Plastics company Sistema is getting behind low decile schools, and perhaps in the spirit of its millionaire founder Brendan Lindsay, giving away thousands of lunchboxes to children starting school.
As part of the container manufacturer's Sistema School Starter Programme which promotes healthy and waste-free lunches, the company has given away more than 8000 lunchboxes and drink bottles to reception-aged children at 250 decile one and two schools across the country.
Statistics show one in four Kiwi children live in poverty and thousands are sent to school each day without lunch, which is why Sistema launched the programme.
Sistema Plastics chief executive Drew Muirhead said the future of New Zealand lay in the hands in children and so it was important they were equipped with the basics.
"Sistema comes from humble beginnings in small town New Zealand and has grown into the global business we are today.
"We have a passion for driving the future of New Zealand and an important part of that is making sure the next generation is equipped with the basics to go on to succeed in life," Muirhead said.
He has in recent weeks visited schools around the country, including Mataura School and St Patrick's Primary School in Nightcaps in the South Island.
Ōtorohanga Primary School principal Catriona Chrystall said Sistema's programme would help take the financial strain off many families.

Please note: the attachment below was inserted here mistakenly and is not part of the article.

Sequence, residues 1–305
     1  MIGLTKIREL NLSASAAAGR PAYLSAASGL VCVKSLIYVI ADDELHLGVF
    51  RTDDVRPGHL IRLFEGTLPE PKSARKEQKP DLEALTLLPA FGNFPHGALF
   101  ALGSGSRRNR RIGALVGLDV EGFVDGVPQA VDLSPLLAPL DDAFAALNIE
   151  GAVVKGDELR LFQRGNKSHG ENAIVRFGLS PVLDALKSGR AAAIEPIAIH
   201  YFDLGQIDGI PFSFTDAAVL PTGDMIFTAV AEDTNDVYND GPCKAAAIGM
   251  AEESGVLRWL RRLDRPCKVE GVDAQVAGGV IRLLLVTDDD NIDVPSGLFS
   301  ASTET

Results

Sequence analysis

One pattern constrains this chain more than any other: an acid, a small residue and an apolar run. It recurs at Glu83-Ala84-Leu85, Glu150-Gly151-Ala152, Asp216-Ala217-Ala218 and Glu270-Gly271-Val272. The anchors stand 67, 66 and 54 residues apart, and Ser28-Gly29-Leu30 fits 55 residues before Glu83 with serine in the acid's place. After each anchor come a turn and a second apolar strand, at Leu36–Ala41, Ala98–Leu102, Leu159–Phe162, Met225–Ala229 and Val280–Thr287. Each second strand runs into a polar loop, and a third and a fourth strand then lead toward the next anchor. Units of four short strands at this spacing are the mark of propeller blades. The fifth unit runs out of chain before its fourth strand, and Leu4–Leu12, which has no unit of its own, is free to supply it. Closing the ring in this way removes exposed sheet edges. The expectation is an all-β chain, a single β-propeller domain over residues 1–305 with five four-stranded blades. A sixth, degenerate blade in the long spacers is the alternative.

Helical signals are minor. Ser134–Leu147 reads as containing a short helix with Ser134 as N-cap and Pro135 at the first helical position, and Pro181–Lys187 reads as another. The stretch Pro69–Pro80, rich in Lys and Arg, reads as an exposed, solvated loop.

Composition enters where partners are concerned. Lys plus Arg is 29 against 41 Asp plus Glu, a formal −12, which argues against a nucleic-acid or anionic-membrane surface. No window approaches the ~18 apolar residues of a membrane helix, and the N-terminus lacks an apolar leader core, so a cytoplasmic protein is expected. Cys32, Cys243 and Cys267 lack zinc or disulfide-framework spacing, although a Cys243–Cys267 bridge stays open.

One principal the company donated lunchboxes to said most children used a plastic bag as a lunchbox or had nothing at all.
"We have many families at our school here in Porirua who struggle to provide all the school supplies their children need.
"Lunchboxes are often substituted for plastic bags and sometimes nothing at all," Karla Mitchell, principal at Wellington's Seventh-day Adventist School, said.
"It will be a lovely surprise for all of our new entrants, and we hope it helps spark a long-term approach to healthy eating, which is a priority at our school."
Sistema was founded by Brendan Lindsay in his garage in Cambridge, and at the end of 2016 was sold to Fortune 500 company Newell Brands for $660 million.
Today, the company is headquartered in Auckland and has offices in Australia, England and France.
Lindsay is known for his philanthropy and before he sold off the business organised a clause in the purchase agreement that it allowed Sistema's first employee to work with the company until she retired.
He likes to donate his money to organisations associated with animals and to people "who cannot help themselves".
He last year signed a three-year funding deal to keep the New Zealand Riding for the Disabled charity afloat and made donations to Blind Foundation Guide Dogs.